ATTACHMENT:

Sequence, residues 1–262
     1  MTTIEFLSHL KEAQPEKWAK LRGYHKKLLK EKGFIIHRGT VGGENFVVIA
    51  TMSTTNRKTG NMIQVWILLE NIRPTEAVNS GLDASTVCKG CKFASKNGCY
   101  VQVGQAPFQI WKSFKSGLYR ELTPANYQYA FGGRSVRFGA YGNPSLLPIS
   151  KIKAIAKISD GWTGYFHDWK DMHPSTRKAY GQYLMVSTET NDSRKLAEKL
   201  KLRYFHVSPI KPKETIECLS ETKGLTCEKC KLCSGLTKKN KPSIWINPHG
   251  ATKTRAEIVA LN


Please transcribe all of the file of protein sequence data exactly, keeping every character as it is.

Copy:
Sequence, residues 1–262
     1  MTTIEFLSHL KEAQPEKWAK LRGYHKKLLK EKGFIIHRGT VGGENFVVIA
    51  TMSTTNRKTG NMIQVWILLE NIRPTEAVNS GLDASTVCKG CKFASKNGCY
   101  VQVGQAPFQI WKSFKSGLYR ELTPANYQYA FGGRSVRFGA YGNPSLLPIS
   151  KIKAIAKISD GWTGYFHDWK DMHPSTRKAY GQYLMVSTET NDSRKLAEKL
   201  KLRYFHVSPI KPKETIECLS ETKGLTCEKC KLCSGLTKKN KPSIWINPHG
   251  ATKTRAEIVA LN